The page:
Chapter 2 - Becoming a tiger
Kemala is six months old and a lot has changed.
For starters, she’s no longer a squirming ball of fluff - and it takes more than a silly old squawking bird to scare her these days. Now she’s bigger - almost the size of the wild pigs Mum brings home for dinner - and able to run and pounce. Her legs are long and gangly, ending with mas-sive paws that are a little too big for her. Her ears are large and alert, and her stripy orange and black coat has lost most of its kitteny fluff.
She and her brothers spend most of their time playing together, running, jumping and tumbling through the tree roots, tangled vines and long grasses that make up their jungle home. She’s still the biggest of the three and loves to catch the smallest’s ear in her mouth and pin him down - always careful to keep an eye on the other in case he pounces.
They’re getting braver all the time, running off whenever mum isn’t looking and landing them-selves a swipe or two when she tracks them down.
One day as they’re exploring, the three stumble onto something strange. A small black box. It’s attached to a tree trunk, but it doesn’t look like it’s part of the tree, it cant belong there…
As Kemala moves towards it the box makes a ‘click’, like the snap of a twig. She stretches out her nose, sniffing - ‘click!’ - it goes again. It smells odd, like an animal she’s never met before. She licks it, but it doesn’t taste of much. Eventually her brothers rush forward and the three bat it with their paws, bouncing around as it clicks madly at them, before…
“Hsssssssss!’ an angry Mum arrives to drag them back to the den.
Mum is still something of a mystery to Kemala and her brothers - quick to deliver a stern blow with her great paws that leaves the cubs dizzy, but occasionally rolling on her back to let them jump and tangle in the soft fur of her tummy.
Her flicking tail is an object of fascination and they take it in turns to pounce on it until her pa-tience runs out. She also still insists on licking them a lot. Sometimes her licking is so fierce they get knocked off their paws - then she starts all over again.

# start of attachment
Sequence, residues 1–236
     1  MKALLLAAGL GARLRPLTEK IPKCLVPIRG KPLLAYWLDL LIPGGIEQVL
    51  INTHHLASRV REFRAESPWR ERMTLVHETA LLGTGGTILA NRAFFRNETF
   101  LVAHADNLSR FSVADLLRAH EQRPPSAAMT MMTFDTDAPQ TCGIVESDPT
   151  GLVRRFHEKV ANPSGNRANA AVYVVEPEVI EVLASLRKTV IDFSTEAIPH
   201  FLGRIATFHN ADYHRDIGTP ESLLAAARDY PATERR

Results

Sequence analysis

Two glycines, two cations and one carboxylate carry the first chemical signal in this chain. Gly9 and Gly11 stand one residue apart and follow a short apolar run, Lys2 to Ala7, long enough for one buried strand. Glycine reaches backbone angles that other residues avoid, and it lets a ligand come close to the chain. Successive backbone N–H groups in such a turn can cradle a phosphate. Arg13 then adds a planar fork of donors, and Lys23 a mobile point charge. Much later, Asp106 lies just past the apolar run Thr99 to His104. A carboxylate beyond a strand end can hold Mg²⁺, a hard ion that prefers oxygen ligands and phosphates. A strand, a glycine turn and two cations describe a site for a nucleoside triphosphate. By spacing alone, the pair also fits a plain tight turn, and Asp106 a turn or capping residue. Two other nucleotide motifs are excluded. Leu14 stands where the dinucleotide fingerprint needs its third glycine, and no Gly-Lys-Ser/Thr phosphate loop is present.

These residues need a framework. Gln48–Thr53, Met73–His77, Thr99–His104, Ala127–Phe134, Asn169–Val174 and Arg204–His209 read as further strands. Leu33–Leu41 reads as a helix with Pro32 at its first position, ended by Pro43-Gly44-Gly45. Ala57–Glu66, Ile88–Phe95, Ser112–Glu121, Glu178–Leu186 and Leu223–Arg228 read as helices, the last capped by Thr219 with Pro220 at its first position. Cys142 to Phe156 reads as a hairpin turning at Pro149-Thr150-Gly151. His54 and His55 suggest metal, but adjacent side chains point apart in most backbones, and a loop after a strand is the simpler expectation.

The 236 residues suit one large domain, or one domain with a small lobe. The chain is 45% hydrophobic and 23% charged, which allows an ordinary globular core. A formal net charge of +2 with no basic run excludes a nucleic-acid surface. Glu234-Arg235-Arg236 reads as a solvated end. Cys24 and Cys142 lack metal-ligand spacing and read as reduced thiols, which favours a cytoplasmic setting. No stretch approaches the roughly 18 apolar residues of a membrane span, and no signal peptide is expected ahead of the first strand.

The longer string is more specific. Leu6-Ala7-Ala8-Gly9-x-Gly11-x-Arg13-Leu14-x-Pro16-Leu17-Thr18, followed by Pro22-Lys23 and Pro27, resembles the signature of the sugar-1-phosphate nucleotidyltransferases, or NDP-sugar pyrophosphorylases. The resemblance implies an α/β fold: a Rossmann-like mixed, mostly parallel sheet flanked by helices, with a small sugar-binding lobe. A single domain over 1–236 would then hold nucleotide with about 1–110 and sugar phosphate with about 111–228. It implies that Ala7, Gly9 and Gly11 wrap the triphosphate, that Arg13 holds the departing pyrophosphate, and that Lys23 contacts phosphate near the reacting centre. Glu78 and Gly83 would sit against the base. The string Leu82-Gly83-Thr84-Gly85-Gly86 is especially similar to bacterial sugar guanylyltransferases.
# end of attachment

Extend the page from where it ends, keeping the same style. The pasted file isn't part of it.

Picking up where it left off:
Today Mum has decided to take Kemala on her first hunt, leaving her brothers in the safety of the den. She struts proudly through the long grass after Mum, tail in the air - until Mum growls at her to crouch low to the ground.
They approach the banks of a noisy, moving river, and lie down to wait.
Hours later and… still nothing! A mew of complaint is on the tip of Kemala’s tongue but, before she can make a noise, a deer walks nervously into the clearing and, deciding the coast is clear, bends down to drink. She watches as Mum leaves their hidden spot, legs bent low, her tummy sliding silently along the ground, using the tall grass to get close enough and…
BAM! She springs into the air in a pounce and grabs the deer’s neck.
The deer falls to the floor and it’s over in seconds. Before she knows it Kemala is next to Mum eating the most delicious meat she’s ever tasted.
Back at the den, her brothers eye her jealously. She doesn’t waste a minute trying out her new trick. While the two are eating, she sneaks up on them, staying as low as she can, using the grass, and pounces. They squeal in surprise and rush into the den. Kemala sits down to eat, feel-ing pleased with herself.
Watch out for chapter three coming soon!
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